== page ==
Poetry Breakfast #3 – Squire Pig’s Tale

Offrungspic
(YES. I know the word is “Offrungspic”. I was … pre-caffeinated.)
The Squire Pig’s Prologue
Chapter 41: Lines 1-8 of 8
Severely Bastardized Middle English (with translation)

Eoforswin, come neer, if it your wille be,
And sey somwhat of offrungspic, for certes, ye
Konnen theron as muche as any orf.
Nay sir, quod he, but I wol seye as I kan,
With hertly wyl, for I wol nat rebelle
Agayn your oferæt. A tale wol I telle,
Have me excused if I speke amys;
My spio is good, and lo, my tale is this.

Sir pig, come nearer, if your will it be,
And speak to us of sacrificial bacon; for certainly
You know thereof as much as any livestock.
Nay, sir, said he, but I’ll do what I can
With hearty will; for I will not rebel
Against your gluttony, but a tale will tell.
Hold me excused if I say aught amiss,
My lard is good, and lo, my tale is this.

The Squire’s Prologue
Chapter 41: Lines 1-8 of 8
Middle English (with translation)

Squier, come neer, if it your wille be,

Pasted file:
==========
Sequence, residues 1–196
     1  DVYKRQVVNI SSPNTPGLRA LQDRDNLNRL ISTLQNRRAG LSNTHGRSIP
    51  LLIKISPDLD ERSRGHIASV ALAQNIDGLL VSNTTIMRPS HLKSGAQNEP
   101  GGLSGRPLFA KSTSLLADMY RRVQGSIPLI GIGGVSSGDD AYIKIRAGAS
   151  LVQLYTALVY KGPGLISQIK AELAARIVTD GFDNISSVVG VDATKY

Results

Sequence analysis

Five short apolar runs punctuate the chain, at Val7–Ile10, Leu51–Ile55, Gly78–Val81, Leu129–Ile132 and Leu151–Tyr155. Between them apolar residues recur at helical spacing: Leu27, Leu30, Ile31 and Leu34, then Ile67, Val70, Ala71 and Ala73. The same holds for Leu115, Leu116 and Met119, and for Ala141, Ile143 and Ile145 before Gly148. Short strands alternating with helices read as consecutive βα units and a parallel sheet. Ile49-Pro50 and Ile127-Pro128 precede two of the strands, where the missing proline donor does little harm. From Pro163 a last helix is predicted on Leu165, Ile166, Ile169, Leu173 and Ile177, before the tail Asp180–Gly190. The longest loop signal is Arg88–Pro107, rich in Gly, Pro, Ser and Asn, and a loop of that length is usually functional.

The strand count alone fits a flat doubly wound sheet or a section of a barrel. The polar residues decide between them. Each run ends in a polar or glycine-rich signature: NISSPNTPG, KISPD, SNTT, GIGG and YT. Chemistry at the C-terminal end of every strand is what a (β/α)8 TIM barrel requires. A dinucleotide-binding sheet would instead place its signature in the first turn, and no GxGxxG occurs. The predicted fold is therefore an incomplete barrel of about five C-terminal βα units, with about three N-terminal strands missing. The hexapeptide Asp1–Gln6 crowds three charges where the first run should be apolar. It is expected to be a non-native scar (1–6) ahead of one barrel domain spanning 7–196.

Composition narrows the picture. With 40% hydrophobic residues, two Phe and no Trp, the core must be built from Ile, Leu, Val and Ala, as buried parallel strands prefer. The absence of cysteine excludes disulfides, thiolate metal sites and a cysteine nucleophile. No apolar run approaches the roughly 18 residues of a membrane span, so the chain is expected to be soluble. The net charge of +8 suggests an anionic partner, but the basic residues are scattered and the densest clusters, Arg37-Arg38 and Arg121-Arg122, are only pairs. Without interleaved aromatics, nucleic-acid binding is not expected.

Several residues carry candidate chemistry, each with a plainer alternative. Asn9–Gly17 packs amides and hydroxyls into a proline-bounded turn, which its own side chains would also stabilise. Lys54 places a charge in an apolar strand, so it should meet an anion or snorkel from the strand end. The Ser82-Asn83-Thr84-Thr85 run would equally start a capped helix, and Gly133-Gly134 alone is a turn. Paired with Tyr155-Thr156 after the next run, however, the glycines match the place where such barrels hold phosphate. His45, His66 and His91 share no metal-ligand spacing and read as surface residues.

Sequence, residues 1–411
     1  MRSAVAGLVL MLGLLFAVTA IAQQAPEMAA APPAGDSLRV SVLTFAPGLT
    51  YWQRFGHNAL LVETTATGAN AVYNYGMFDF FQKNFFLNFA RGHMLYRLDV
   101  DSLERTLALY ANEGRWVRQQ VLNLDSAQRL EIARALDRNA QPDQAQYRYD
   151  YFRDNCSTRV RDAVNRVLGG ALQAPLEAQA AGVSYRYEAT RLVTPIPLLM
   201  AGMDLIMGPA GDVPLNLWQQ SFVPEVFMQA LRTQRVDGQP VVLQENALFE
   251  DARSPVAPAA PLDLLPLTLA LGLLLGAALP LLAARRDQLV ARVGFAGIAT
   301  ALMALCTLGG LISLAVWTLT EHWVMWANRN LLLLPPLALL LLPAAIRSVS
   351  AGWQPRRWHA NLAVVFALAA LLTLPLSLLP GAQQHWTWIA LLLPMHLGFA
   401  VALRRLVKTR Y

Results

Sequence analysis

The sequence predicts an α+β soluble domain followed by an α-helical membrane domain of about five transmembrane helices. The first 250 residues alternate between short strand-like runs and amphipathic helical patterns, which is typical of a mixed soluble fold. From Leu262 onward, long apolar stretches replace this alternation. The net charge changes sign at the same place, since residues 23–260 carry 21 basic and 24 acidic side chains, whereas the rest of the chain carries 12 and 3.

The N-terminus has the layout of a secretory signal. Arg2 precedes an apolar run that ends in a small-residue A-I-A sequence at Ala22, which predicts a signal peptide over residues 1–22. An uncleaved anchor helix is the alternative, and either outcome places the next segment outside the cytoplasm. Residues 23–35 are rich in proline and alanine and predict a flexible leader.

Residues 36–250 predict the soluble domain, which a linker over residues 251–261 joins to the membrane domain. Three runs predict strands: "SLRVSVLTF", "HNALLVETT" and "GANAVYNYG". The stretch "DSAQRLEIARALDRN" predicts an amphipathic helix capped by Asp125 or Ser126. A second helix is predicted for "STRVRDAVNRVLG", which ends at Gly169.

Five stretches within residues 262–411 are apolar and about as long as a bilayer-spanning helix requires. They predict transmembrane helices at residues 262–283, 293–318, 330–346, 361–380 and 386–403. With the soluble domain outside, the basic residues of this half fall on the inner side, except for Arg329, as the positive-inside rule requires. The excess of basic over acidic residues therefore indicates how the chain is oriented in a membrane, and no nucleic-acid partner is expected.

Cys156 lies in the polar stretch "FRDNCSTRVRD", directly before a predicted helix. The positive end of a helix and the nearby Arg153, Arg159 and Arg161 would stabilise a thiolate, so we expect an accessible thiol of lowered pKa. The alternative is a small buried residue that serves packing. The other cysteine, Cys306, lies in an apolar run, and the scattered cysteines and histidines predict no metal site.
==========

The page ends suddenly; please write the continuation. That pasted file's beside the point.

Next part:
And sey somwhat of love, for certes, ye
Konnen theron as muche as any man.
Nay sir, quod he, but I wol seye as I kan,
With hertly wyl, for I wol nat rebelle
Agayn your lust. A tale wol I telle,
Have me excused if I speke amys;
My wyl is good, and lo, my tale is this.

Squire, come nearer, if your will it be,
And speak to us of love; for certainly
You know thereof as much as any man.
Nay, sir, said he, but I’ll do what I can
With hearty will; for I will not rebel
Against your wishes, but a tale will tell.
Hold me excused if I say aught amiss,
My aim is good, and lo, my tale is this.

Original source: http://www.canterburytales.org/canterbury_tales.html
Translation assistance: http://www.oldenglishtranslator.co.uk/

Again, the gauntlet is thrown. PJ Stoops (@inourwaters) was duly impressed with Poetry Breakfast #2’s rendering of Chaucer, and raised the bar to include the Middle English.


I hope I’ve done it a modicum of justice.